Last week, Mashable and David Weigel both noted that Mitt Romney has been investing in web ads, but that he has yet to run an actual TV commercial in the early primary states (or any other states, obviously). Mashable chalks it up to a money-saving move that has the added benefit of appealing to young voters:
It’s possible the candidates are waiting to amass more funds to pay for more-expensive airtime. Or, they could be engaged in an informal standoff for who will try to rule the airwaves.
On the other hand, web ads are a smart move. They are relatively cheaper to make and broadcast and naturally appeal to younger, web-savvy voters — traditionally a weak spot for Republicans.
After the criticism he took in last night’s debate, though, a web-focused strategy makes perfect sense for Mitt Romney. The video which spawned last week’s round of coverage chided the Obama Administration on trade and intellectual property rights, which isn’t exactly a front-page-news-making issue. It does, however, speak to some key audiences. It’s one thing to say you appeal to philosophical conservatives who view government as an instrument to protect citizens’ rights and voters whose views align with business and commerce; but Romney’s ad deals brings up a niche issue that demonstrates an understanding of these voters’ motivations and concerns.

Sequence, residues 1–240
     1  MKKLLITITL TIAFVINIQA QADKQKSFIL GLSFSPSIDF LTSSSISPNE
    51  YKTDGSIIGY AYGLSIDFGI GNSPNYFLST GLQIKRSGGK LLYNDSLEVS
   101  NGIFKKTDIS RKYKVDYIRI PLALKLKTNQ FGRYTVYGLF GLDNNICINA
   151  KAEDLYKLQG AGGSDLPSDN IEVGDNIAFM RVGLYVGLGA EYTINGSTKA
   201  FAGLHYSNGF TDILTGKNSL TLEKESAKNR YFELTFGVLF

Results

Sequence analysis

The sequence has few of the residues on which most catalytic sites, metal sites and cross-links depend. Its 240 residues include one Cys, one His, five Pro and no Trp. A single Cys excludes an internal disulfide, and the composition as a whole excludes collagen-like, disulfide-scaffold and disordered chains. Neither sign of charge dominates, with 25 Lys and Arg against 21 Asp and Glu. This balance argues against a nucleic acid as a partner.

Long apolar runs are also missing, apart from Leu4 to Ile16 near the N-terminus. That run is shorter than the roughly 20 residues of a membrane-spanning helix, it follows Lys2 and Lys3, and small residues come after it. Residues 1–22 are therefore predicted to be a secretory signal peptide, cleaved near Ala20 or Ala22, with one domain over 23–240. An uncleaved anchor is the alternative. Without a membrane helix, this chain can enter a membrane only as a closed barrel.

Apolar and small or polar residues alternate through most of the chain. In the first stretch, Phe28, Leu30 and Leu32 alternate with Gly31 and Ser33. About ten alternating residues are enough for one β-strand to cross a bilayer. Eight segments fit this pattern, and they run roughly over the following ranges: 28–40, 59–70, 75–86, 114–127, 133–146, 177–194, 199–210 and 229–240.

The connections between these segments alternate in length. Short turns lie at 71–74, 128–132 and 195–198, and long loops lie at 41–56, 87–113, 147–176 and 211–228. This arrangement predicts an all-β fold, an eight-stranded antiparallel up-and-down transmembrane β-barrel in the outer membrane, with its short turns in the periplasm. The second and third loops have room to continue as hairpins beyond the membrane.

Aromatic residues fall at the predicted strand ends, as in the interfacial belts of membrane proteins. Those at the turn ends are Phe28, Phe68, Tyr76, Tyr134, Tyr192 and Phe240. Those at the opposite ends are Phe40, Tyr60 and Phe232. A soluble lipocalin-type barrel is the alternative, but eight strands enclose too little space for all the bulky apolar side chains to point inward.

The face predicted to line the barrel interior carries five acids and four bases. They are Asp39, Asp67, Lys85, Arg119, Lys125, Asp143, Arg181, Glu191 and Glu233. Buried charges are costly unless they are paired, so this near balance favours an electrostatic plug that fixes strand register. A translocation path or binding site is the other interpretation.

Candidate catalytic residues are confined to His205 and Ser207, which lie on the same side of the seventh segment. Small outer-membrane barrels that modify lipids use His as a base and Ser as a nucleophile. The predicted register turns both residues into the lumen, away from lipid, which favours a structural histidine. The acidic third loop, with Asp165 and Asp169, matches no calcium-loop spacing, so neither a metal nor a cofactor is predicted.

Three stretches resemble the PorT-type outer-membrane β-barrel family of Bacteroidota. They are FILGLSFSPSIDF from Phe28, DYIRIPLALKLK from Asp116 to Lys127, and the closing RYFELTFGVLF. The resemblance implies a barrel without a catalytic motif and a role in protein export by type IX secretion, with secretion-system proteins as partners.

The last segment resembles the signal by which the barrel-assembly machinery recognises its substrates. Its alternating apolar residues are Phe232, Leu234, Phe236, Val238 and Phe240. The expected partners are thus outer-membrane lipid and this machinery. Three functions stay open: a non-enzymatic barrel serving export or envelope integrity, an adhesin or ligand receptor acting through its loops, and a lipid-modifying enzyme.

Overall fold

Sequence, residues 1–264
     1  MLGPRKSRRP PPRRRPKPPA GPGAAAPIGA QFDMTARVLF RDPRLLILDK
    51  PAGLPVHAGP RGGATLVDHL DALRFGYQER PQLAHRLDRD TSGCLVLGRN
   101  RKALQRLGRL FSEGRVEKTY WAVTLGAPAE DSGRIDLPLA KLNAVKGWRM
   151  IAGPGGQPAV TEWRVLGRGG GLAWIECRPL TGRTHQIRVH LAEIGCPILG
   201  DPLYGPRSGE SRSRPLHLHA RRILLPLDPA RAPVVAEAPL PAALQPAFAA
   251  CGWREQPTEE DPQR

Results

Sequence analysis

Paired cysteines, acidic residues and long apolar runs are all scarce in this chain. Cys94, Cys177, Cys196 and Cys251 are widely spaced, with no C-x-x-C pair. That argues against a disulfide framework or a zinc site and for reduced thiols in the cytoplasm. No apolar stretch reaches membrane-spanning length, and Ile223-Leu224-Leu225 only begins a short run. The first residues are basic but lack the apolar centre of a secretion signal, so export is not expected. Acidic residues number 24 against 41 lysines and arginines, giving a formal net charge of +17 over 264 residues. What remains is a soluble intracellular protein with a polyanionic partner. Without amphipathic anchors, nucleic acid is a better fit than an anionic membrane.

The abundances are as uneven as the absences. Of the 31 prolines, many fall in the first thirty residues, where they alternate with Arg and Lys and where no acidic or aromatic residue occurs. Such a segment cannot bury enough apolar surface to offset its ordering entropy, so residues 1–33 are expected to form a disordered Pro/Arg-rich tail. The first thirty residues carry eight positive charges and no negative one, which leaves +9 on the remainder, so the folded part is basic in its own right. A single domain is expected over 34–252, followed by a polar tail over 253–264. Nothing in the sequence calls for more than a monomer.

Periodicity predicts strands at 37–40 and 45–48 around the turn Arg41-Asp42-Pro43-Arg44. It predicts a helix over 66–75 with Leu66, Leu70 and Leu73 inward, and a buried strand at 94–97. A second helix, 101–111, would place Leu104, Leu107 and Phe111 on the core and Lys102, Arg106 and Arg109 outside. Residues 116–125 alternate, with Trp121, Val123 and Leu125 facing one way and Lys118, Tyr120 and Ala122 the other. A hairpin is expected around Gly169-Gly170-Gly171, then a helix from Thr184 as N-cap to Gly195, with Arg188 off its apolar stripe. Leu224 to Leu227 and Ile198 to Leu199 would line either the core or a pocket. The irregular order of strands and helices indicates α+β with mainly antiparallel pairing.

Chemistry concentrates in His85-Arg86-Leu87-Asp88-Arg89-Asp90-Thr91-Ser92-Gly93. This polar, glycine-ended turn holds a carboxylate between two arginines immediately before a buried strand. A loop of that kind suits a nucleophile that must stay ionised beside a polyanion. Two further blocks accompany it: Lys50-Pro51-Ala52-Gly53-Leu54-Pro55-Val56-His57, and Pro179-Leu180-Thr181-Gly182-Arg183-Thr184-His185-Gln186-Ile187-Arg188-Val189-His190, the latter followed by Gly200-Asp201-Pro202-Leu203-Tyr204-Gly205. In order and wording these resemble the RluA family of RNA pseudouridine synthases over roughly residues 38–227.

These are also the types of voters who are probably still deciding whether or not a Romney Presidency would be better enough than an Obama Presidency to be excited about a Romney candidacy. Despite the fireworks of last night’s debate and this morning’s conventional wisdom that the other candidates put him on the defensive, Romney still carries the mantle of inevitability as the 2012 Republican nominee. He still has plenty of people to convince to avoid being an also-ran in the same category as former inevitable nominees Bob Dole and John McCain. He won’t be able to explain away his Massachusetts health plan, but online video gives him a medium to show conservatives he understands other issues.